Homemade Grape Juice & more
Homemade grape juice is healthy and delicious, but, if you've never made it before, here's some advice on the best method I know.
The first thing, of course, is to press off the fruit. If you're doing it in the professional way, you would first run the grapes through a crusher / destemmer, which removes the woody matter from the cluster and also crushes the grapes to begin extracting some fruit. And from there you press off the fruit, using a press that will give strong and steady pressure, to extract the juices, hopefully without breaking the pips inside, which are bitter. The advantage of taking your grapes to someone with professional equipment is that you will get more juice out of the same grapes, because you can't replicate the pressure at home effectively.
If for any reason you can't or don't want to use professional equipment and prefer to do it all at home, it can be done. It cannot be done with a food processor, at least not well. If you read that online, trust me, it is not a good outcome. You will grind up the pips, and you will end up with bitter juice. What you want to do instead is to break the fruit and press it off as best you can, and for this you are going to have to go old-school: feet.
You need a clean, food-safe bin you can stand in. I'd worry about the food-safe part, and I'd make sure it was clean, but you do not need to obsess about anti-microbial sanitation. Clean, but this is not brain surgery. Indeed, this is not even beer making. We usually use a primary fermenter bin--which is basically a food-safe garbage bin. You can pick up food storage buckets locally as well, and can use them afterward for storing food in the pantry. Find something that works for you and you can put two feet in. Wash the feet and rinse your fruit if it's dusty or has bugs on it, but again, don't obsess. People have done this for millennia.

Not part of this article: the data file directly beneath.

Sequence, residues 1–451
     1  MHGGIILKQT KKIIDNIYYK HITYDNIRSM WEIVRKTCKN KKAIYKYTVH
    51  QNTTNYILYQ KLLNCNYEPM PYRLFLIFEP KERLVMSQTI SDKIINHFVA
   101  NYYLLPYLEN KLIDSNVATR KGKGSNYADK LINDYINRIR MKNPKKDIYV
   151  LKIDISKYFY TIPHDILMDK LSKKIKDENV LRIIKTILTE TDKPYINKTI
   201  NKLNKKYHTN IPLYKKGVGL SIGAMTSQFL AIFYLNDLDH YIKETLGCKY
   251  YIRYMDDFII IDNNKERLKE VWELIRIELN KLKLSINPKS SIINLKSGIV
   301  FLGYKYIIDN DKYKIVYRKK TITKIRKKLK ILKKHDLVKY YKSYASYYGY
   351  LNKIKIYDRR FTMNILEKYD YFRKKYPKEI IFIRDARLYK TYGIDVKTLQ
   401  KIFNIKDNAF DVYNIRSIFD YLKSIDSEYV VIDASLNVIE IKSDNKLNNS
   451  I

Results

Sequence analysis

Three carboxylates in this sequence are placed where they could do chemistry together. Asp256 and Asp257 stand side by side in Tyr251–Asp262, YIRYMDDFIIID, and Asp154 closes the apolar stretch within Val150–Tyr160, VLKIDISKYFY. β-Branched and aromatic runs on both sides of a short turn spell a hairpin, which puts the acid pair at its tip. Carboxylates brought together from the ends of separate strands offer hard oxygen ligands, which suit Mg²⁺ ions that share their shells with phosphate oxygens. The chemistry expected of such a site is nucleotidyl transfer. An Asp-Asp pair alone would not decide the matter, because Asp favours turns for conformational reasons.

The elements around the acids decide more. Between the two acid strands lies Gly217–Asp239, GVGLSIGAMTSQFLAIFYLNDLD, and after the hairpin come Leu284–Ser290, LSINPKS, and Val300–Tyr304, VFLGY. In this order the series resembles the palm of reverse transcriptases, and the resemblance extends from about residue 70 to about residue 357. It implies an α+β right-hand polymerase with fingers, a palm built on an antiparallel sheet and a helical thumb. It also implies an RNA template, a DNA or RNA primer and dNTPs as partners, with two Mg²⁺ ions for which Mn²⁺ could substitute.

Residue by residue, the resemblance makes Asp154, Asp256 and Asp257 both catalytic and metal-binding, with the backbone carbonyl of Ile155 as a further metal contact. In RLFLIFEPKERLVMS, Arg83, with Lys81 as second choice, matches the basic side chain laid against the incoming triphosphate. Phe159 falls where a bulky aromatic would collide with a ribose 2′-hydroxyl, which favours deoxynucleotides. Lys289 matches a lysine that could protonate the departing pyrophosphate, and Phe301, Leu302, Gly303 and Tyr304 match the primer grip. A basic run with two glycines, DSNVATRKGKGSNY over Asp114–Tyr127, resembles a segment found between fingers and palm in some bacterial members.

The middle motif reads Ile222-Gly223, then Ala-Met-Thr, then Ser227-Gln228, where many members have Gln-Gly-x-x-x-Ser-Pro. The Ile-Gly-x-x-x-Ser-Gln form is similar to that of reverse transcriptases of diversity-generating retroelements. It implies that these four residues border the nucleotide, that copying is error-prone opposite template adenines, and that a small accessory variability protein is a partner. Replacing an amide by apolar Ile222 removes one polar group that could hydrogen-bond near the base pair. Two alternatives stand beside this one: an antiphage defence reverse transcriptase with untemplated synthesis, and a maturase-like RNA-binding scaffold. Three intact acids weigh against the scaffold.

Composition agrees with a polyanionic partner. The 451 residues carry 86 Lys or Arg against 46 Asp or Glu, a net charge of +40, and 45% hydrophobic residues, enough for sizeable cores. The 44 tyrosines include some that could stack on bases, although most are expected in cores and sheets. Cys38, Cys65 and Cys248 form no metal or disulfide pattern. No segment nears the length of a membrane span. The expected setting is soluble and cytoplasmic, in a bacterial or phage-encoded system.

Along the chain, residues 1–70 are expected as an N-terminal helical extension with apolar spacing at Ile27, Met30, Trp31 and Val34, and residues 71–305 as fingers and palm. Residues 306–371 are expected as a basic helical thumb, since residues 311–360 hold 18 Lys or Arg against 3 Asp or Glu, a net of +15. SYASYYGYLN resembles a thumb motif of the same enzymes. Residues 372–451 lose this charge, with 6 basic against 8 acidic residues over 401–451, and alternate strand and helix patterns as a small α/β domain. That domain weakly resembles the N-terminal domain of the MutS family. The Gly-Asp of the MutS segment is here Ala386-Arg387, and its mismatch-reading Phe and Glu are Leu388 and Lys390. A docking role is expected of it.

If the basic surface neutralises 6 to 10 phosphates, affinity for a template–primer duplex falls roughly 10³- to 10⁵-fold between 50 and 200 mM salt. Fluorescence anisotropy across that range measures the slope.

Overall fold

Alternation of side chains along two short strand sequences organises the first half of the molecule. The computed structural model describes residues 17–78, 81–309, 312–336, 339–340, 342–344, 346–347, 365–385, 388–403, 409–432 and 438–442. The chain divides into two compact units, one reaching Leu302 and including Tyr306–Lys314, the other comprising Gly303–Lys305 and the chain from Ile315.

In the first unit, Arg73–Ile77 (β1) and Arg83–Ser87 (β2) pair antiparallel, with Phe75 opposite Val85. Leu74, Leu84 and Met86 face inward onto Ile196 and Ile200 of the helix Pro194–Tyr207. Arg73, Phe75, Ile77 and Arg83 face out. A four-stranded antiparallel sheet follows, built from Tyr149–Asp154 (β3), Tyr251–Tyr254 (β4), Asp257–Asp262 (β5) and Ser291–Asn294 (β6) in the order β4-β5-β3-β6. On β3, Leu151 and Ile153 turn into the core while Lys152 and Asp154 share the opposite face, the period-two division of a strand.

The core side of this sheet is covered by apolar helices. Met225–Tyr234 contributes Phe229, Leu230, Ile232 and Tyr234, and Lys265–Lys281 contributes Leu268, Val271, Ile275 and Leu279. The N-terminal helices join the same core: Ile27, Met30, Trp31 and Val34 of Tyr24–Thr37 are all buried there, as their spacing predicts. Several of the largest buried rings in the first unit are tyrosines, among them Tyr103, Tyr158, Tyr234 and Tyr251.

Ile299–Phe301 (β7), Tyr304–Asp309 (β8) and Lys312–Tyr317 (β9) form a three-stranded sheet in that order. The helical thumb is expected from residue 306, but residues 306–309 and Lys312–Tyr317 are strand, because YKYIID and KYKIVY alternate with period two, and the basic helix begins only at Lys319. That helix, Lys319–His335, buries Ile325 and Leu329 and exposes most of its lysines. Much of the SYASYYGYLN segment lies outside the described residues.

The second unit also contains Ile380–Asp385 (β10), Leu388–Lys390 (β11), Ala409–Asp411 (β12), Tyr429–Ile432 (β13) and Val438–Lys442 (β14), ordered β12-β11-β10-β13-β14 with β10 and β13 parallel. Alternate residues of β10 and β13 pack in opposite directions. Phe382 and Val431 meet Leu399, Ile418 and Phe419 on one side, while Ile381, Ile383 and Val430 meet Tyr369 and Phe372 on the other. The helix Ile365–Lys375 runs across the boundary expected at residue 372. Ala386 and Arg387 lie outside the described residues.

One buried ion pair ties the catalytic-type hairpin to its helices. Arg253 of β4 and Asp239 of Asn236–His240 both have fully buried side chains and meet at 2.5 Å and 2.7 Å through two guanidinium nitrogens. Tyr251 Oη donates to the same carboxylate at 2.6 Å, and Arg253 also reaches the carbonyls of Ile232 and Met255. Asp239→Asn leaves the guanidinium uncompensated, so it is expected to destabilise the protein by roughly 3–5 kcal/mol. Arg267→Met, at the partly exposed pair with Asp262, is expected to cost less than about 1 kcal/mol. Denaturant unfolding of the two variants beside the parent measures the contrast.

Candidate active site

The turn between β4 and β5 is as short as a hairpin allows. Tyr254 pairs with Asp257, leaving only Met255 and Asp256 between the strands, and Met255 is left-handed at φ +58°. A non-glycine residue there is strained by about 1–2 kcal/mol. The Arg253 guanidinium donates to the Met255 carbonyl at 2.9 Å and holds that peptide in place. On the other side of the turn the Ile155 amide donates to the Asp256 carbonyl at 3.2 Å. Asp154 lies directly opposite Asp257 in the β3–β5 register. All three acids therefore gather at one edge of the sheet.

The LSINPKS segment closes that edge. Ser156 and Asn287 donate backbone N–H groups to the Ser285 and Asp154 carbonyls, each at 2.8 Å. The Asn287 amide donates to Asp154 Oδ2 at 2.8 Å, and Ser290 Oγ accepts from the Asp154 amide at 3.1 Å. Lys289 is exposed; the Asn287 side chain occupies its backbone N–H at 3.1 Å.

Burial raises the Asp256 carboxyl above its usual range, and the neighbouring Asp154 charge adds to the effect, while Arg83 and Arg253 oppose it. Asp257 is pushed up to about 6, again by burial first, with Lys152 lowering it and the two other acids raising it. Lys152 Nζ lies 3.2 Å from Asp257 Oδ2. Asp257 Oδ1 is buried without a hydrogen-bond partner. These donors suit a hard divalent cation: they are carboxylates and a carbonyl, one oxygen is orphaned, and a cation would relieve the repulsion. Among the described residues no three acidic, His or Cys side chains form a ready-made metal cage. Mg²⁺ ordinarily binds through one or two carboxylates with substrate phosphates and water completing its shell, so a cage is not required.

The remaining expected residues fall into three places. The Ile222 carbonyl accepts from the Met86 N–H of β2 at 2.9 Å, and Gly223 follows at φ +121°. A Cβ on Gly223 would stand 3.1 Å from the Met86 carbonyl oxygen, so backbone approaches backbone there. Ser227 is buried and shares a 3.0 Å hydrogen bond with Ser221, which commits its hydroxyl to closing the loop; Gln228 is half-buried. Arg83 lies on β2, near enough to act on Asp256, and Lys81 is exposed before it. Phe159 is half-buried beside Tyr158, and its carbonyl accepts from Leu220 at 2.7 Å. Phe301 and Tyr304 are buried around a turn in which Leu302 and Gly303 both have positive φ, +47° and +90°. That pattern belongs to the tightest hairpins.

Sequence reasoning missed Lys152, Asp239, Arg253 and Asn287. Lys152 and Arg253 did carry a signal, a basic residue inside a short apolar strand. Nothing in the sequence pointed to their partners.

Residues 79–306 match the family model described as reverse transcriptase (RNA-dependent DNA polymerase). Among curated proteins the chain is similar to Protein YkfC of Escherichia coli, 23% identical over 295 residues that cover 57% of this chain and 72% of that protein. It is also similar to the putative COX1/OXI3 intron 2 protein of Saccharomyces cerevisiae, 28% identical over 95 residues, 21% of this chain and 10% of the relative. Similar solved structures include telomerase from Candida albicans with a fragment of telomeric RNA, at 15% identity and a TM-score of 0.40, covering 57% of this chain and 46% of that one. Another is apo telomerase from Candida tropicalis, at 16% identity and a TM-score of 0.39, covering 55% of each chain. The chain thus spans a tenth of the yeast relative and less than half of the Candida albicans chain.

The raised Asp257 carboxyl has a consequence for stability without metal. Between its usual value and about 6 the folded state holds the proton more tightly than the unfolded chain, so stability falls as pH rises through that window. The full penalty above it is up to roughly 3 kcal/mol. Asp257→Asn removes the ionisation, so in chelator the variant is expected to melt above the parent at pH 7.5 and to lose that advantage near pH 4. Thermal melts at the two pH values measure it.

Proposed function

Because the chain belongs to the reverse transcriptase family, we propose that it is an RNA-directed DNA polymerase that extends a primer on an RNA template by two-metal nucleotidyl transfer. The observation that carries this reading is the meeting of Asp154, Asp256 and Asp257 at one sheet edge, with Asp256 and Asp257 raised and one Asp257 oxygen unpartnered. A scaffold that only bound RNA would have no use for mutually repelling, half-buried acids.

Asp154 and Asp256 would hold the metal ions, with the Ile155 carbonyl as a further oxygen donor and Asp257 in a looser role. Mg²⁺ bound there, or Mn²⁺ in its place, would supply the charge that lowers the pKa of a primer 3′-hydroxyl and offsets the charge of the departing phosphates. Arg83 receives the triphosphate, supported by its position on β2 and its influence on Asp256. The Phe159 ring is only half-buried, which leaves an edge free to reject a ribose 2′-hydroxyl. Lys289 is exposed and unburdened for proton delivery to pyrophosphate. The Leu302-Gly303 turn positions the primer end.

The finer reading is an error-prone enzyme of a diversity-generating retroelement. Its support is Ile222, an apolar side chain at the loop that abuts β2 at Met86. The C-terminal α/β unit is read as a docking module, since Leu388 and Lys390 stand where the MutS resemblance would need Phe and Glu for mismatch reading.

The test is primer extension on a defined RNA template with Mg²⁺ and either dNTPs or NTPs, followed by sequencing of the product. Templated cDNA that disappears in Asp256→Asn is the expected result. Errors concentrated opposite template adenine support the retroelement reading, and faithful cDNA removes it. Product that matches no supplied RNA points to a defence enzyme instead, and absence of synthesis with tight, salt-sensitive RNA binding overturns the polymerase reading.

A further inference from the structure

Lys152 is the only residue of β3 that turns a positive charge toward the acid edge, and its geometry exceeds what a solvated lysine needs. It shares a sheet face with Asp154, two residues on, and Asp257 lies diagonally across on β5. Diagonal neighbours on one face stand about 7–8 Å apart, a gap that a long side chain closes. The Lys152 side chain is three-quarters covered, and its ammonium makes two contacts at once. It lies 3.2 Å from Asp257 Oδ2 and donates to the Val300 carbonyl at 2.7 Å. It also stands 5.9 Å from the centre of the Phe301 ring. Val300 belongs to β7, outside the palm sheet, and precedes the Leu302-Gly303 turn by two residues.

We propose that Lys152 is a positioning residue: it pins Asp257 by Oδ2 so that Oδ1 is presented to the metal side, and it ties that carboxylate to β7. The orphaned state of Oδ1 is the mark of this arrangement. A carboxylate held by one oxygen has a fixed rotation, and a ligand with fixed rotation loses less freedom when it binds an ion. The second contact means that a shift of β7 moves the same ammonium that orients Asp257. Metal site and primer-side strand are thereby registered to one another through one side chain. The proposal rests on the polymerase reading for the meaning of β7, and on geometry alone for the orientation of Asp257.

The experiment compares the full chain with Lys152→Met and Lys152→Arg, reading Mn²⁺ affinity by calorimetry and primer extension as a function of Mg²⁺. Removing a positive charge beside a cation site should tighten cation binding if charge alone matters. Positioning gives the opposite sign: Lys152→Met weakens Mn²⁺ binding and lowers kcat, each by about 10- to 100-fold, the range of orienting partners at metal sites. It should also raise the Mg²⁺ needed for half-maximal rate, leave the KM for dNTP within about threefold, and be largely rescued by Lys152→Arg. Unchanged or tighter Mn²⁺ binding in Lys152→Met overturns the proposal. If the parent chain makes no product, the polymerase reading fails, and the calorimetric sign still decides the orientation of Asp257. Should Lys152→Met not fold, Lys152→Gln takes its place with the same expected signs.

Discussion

Basically, to crush your fruit, you're just going to go "I Love Lucy" style and stomp the grapes until they are good and squishy. You want to break all the skins and macerate a bit.
If you have just a small amount of grape, you can pull each grape off the stem by hand, and the outcome is better. This is why professionals use a crusher / destemmer. But if you are processing a lot of fruit, this is just not real, and don't worry. You can do this with the stems on. It's just more ticklish on the toes, and it's a bit more work straining off the juice in the next stage.
For the next step, you want some cheesecloth or you can sacrifice an old sheet if you have one, which you'll use to filter the juice. Here, the process is just like making jam (and if you have a jam strainer, one of those conical ones, those are the best). But you basically need to rig up some way of straining the fruit over a container--and for the best results you want to not fiddle with the fruit when it's draining. Cover the fruit while it sits, so you don't get carried away by fruit flies, and let it drip.